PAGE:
Drinking becoming a problem in Vietnam

By Khanh An, Thanh Nien News

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Young people drinking at a roadside eatery in downtown Ho Chi Minh City. Photo: Tri Quang 
Police in Quang Ngai Province have closed the file on a fatal traffic accident in which two motorbikes crashed into each other, killing both drivers, one of whom was returning home after drinking and the other after buying some alcohol.
They made the decision since the accident involved no one else and both drivers were no more.
The accident happened on May 30 on National Highway 24 when Pham Van Run, 22, after drinking, crashed into Pham Van Con, 32.
Run died on the spot while Con died on the way to the hospital, the police said, adding there was a bag of alcohol on Con’s bike when the accident happened.
Drinking is listed as one of major causes of road accidents in Vietnam.
Experts warn about a worsening scenario after finding alcohol abuse is on the rise, especially among young people.
The National Traffic Safety Committee has reported a total of 14,622 traffic accidents in January-August in which 5,821 people were killed and 13,234 others were injured.
Many young people think drinking is a way to show they have become adults, a survey found.
This means around 24 people were killed in crashes on a daily basis, or one death per hour.
Some 4,800 people die in accidents involving drunk driving every year out of a total of 12,000 fatalities.
Drinking motorcyclists
In Ho Chi Minh City alone, 351 people were killed in traffic accidents in the first half of this year, including 42 in accidents involving drunk drivers.
Lieutenant Do Quang Hung of the city traffic police said accidents involving motorbikes account for 47 percent of the total, followed by trucks with 24 percent.
“It is common for many people to drink before driving motorbikes home.”
A traffic accident caused by a drunk driver in Da Nang city on February 27. Photo: Nguyen Tu
Over 43 million motorbikes are registered in Vietnam, or 85 percent of all vehicles nationwide.
One of every three city dwellers drink at least once a week, 64 percent of them men, he said.
“Maybe it is unique that in Vietnam people drink during breakfast and lunch. Many accidents involving drunk driving happen on the way to work or while returning to office after lunch.”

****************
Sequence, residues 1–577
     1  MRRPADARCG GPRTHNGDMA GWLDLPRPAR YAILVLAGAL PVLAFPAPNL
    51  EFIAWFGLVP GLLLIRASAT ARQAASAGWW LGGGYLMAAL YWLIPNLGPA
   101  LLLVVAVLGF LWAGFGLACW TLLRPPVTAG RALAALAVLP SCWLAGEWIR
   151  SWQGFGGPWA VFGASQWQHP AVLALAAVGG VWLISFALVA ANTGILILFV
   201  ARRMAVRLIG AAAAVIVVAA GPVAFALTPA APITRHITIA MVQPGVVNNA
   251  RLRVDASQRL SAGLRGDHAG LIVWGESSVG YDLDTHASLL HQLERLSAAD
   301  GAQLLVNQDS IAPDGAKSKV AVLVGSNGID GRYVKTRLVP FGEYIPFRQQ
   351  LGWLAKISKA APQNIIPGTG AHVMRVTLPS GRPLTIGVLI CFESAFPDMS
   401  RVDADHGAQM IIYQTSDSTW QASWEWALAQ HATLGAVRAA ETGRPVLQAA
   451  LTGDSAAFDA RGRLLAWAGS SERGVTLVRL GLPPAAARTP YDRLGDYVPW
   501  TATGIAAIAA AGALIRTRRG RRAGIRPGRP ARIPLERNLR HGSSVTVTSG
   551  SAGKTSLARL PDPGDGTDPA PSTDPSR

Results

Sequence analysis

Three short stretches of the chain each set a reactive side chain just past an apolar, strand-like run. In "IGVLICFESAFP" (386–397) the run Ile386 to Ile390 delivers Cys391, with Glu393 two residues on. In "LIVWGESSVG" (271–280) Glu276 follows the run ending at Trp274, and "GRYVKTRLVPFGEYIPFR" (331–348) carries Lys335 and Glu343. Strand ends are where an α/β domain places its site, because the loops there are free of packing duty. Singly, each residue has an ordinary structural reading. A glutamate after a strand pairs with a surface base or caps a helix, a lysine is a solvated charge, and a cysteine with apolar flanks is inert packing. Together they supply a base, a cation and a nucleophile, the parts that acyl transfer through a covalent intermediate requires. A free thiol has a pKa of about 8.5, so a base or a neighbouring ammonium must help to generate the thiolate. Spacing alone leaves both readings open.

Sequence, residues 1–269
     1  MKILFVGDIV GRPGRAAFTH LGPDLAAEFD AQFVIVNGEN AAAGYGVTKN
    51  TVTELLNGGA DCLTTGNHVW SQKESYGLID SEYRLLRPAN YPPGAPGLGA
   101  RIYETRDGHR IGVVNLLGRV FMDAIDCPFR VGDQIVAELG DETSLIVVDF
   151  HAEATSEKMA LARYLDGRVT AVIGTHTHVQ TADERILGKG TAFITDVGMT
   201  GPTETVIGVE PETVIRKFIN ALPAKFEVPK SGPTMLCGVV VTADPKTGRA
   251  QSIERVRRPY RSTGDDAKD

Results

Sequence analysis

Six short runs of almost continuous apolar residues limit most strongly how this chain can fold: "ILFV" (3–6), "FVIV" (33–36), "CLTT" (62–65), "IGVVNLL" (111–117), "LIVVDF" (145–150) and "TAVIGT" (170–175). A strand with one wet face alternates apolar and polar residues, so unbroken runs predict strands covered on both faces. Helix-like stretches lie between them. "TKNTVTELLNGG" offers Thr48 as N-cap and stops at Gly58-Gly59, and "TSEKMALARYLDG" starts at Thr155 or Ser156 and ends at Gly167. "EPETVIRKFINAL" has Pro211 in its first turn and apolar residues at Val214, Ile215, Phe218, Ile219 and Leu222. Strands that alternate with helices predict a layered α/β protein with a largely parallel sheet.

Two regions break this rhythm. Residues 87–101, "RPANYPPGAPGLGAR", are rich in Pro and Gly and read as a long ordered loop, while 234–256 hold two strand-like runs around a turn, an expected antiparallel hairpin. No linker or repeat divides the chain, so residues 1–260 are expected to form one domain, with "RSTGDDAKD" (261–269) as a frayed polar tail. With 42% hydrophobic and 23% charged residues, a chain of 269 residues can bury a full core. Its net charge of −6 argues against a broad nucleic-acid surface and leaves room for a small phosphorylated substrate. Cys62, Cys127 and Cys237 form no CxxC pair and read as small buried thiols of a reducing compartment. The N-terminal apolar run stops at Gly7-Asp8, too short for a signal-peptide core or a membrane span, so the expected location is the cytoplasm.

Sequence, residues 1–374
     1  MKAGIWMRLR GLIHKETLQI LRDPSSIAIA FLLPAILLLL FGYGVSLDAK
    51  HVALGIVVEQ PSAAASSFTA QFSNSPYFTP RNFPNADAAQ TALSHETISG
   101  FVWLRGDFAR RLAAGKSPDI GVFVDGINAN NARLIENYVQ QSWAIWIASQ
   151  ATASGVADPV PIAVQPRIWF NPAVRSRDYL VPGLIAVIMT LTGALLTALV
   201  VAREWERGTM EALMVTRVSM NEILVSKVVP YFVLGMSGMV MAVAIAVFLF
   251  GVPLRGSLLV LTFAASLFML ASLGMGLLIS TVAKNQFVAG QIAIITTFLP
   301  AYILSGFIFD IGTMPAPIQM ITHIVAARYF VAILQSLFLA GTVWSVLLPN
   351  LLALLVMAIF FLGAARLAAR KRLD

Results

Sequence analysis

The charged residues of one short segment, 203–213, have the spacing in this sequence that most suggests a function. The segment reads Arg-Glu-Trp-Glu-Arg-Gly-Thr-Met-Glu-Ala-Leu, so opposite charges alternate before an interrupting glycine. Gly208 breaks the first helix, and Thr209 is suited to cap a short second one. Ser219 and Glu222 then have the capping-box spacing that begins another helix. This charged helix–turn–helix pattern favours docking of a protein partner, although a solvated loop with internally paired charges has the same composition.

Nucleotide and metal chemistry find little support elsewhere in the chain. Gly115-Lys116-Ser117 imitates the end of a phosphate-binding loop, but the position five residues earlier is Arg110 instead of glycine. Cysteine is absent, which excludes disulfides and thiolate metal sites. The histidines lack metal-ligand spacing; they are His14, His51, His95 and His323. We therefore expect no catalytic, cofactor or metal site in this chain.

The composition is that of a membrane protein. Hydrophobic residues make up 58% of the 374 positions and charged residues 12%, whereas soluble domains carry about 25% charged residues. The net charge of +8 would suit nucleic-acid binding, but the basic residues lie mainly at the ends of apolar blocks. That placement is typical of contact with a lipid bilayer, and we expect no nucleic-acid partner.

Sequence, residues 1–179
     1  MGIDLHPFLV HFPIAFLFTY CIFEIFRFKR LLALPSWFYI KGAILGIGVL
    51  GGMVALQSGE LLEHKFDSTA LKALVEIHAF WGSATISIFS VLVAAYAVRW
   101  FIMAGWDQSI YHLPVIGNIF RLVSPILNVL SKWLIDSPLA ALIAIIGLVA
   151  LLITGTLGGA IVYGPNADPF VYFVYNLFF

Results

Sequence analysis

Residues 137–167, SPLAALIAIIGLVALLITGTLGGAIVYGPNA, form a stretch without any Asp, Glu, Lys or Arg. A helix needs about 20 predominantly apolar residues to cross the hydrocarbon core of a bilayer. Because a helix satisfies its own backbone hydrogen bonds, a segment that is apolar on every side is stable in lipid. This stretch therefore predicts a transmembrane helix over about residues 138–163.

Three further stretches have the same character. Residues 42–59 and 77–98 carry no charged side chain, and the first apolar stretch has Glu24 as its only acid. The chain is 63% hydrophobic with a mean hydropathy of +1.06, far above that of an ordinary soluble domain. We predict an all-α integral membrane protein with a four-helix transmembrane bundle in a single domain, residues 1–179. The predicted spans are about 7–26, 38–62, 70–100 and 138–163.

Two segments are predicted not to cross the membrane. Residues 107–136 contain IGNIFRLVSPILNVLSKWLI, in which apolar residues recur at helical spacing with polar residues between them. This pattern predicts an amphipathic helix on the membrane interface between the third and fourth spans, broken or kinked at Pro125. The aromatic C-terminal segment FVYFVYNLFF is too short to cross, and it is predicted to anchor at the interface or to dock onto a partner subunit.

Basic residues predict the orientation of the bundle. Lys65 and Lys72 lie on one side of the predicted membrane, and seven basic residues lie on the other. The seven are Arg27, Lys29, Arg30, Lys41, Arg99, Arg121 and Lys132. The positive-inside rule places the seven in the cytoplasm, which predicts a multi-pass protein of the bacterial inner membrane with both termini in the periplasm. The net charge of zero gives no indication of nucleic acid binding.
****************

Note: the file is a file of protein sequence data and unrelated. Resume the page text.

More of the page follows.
Vietnamese laws allow zero alcohol level for car drivers.
For motorbike drivers, the legal limit is 50mg/100ml for blood alcohol and 0.25mg/l for breath alcohol.
Hung said the threshold is about a glass of beer or wine, which is enough to affect a person’s brain.
Younger drinkers, female no exception
Ha Thanh Thao, a Ho Chi Minh City student, said it is common among students to drink.
“All know that drinking can make you lose self-control, which can lead to fights or traffic accidents. But they drink anyway, thinking they can avoid it.”
A survey released last week by the Health Strategy and Policy Institute found that a quarter of Vietnamese drink, including an increasing number of young people.
Around 34 percent of respondents aged 14-17 said they drink; the proportion was 57 percent in the 18-21 age group.
About 40 percent are addicted to alcohol, the survey found.
Traffic accident victims at Ho Chi Minh City's Cho Ray Hospital. Photo: Ha Minh
Dr Huynh Thanh Hien of the Ho Chi Minh City Mental Hospital said alcohol abuse causes mental illness in one of every five people on average.
“Besides causing accidents, alcohol abuse can lead to fights and murders. In the long term, it causes irrecoverable damage to the brain.
“We have seen an increasing number of women suffering mental illness due to drinking recently.”
Wrongful perceptions
According to the Vietnam Beer – Alcohol – Beverage Association, Vietnam ranks 5th in Asia in terms of beer consumption behind Japan, South Korea, Thailand, and China.
Annual beer consumption per capita has increased from 3.8 liters in 2005 to 6.6 liters in 2010 and is expected to increase to 7 liters in 2025.
Mai Thi My Hanh, a psychology lecturer at the HCMC Pedagogy University, said many Vietnamese have a wrongful perception about drinking.
A survey by the university found that many young people think drinking is a way to show they have become adults.
Their other reasons for drinking include showing they are men and being confident at social gatherings, according to the survey which polled 670 students and young workers.
Almost half the people in the survey said they drink once a week, while 25 percent said they drink more than three times a week.
More than 55 percent said they drink a total of more than 3 liters of beer at a session.
“More dangerously, many people think that drinking is a habit and is neither addictive nor harmful to their health,” Hanh said.
Dr Huynh Thanh Hien of the HCMC Mental Hospital said: “Some young people even think drinking is good for their mind and brings positive feelings. So they are willing to oppose any alcohol ban.
You can neither work nor have a healthy life with alcohol-related illnesses. Then, what is the benefit of getting a business contract?” said Dr. Huynh Thanh Hien of HCMC Mental Hospital.
Hanh urged schools to step up propaganda about alcohol’s hazards and employers to enforce regulations on drinking ban.
“But the most important thing is young people’s willingness to abandon the habit.”
Hien said people often claim to have easily won a contract at a drinking table.
“This is a wrong perception because drinking is addictive and causes severe physical health problems and depression that could lead to suicide.
“You can neither work nor have a healthy life with alcohol-related illnesses. Then what is the benefit of getting a business contract?”

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